(17) For the purpose of carrying out is various functions as a Stock Exchange the Stock Exchange would need funds for purchasing or at least hiring a building, for engaging the necessary staff, for stationery for postage and various other like expenses. The Stock Exchange must therefore have some source for providing the funds required for that purpose. To acquire such funds the obvious source would be to charge its members. In my opinion it is for that purpose that the Bye-laws provide that the Stock Exchange shall be entitled to levy the fees and charges mentioned in Rules 32, 33, 68 and 242 and Bye-laws 38, 264, 312 and 341. In my opinion the power conferred on the Stock Exchange to recover such fees and charges does not make it a business of the Stock Exchange. Such fees and charges are not levied for the purpose of making it a business of the Stock Exchange by way of a market.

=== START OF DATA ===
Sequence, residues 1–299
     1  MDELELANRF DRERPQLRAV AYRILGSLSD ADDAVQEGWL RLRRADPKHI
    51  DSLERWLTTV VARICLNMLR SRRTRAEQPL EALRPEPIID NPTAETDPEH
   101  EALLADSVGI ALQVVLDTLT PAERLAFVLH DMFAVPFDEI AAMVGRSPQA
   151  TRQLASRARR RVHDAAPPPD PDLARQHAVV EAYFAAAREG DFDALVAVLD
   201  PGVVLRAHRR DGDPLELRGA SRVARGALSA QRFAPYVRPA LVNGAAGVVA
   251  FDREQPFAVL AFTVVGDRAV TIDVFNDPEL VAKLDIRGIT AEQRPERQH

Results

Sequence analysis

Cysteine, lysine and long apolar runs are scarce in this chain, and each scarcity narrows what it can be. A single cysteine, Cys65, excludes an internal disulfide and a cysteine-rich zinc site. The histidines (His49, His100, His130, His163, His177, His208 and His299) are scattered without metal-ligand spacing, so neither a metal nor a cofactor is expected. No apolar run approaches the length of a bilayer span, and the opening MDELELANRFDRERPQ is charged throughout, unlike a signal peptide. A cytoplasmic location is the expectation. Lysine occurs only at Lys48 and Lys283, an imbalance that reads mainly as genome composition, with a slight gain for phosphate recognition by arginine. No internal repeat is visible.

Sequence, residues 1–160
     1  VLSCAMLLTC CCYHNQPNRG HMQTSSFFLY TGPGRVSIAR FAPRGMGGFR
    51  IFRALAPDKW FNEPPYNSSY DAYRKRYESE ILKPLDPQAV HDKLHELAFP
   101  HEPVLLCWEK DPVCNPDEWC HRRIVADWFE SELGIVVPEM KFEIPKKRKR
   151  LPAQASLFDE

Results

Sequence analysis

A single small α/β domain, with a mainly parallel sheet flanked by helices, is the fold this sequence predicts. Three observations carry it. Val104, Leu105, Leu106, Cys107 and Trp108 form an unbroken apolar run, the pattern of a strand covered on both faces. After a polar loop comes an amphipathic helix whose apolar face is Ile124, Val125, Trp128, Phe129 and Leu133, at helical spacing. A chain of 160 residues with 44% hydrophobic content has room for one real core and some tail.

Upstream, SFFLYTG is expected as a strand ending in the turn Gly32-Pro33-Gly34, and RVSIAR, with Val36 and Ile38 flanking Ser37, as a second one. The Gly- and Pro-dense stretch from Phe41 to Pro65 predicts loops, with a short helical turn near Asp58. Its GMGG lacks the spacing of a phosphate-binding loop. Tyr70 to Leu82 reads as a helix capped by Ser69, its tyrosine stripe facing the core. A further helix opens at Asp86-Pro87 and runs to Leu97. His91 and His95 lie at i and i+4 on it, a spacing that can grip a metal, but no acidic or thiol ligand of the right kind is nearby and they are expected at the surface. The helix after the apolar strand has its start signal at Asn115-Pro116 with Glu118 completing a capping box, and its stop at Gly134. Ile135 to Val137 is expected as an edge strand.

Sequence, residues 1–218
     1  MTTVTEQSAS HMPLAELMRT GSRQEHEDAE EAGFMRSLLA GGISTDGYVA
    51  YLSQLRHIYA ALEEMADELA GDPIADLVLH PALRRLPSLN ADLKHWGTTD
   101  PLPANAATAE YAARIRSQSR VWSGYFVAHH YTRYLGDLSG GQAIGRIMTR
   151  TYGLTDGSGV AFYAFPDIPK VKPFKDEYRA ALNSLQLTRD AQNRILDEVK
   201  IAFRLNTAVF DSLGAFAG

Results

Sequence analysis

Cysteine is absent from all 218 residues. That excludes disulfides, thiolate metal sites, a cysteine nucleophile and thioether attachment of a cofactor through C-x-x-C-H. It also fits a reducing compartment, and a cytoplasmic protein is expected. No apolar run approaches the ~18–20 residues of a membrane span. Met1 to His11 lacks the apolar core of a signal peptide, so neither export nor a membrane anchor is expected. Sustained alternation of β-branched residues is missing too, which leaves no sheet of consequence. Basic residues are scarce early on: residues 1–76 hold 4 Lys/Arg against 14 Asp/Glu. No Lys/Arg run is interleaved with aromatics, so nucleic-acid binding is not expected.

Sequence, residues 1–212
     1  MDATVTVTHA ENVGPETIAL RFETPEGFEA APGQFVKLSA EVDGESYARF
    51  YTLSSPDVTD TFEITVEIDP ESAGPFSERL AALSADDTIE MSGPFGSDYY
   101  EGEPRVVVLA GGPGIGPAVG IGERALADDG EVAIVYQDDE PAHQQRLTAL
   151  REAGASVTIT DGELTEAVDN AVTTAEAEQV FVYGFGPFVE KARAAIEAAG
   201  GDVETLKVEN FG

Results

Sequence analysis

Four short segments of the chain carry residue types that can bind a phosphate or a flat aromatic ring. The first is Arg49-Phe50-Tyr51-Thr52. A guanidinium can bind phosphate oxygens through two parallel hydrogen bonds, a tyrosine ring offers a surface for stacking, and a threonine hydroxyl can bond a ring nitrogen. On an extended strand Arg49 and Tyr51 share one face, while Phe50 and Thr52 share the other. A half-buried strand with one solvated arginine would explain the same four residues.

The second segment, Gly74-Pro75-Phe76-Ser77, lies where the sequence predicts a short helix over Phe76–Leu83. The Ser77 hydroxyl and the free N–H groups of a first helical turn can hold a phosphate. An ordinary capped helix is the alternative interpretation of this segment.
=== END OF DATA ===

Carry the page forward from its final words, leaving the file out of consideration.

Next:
(18) It is such a well-known fact that I can take judicial notice of it that modern Exchanges whether in securities or any commodities like cotton, bullion, etc., provide a Clearing House for facility of carrying out the large volume of business effected on the particular Stock Exchange. If A sells a hundred shares of a particular Company to B, B sells the 100 shares to C. C sells the 100 shares to D and D sells the 100 shares to E, normally each of the four sellers would deliver the shares to his purchaser and each of the four purchasers would pay to his own seller the price for those shares. Instead of having the shares pass through four hands in this way the Clearing House merely collects the shares from the initial seller A and delivers them to the final purchaser E. If the sales are at different rates A receives from the Clearing House the full price according to his sale and E pays to the Clearing House the full price according to his own purchase and the intervening parties merely pay to or receive from the Clearing House by way of adjusting only the differences on the basis of the rates of their own contracts. That is the primary function of the Clearing House. The larger the volume of the transactions the greater will be the facility afforded by the Clearing House. Of course, an Exchange whether in securities or in other commodities, may avail itself of the facility of a Clearing House by employing an independent person like a Bank to act for it as a Clearing House. Such an independent agency would however charge its own commission. It would therefore be in the interest of the Exchange and its members that such commission is eliminated by the Exchange itself providing this facility. The elimination of such commission benefits not only the members of the Exchange, but also the investing public because the members would otherwise in their turn, in some way, pass on that charge to the investors. Modern Exchanges therefore mostly provide their own Clearing Houses. Now for providing that facility, the Stock Exchange would require a large staff plenty of stationery and would have to incur various other incidental expenses. To meet the cost it is but natural that the Stock Exchange would levy some charges by way of Clearing House Charges. It is for that reason that Bye-laws 116 and 188 empowers the Stock Exchange to levy certain Clearing House charges.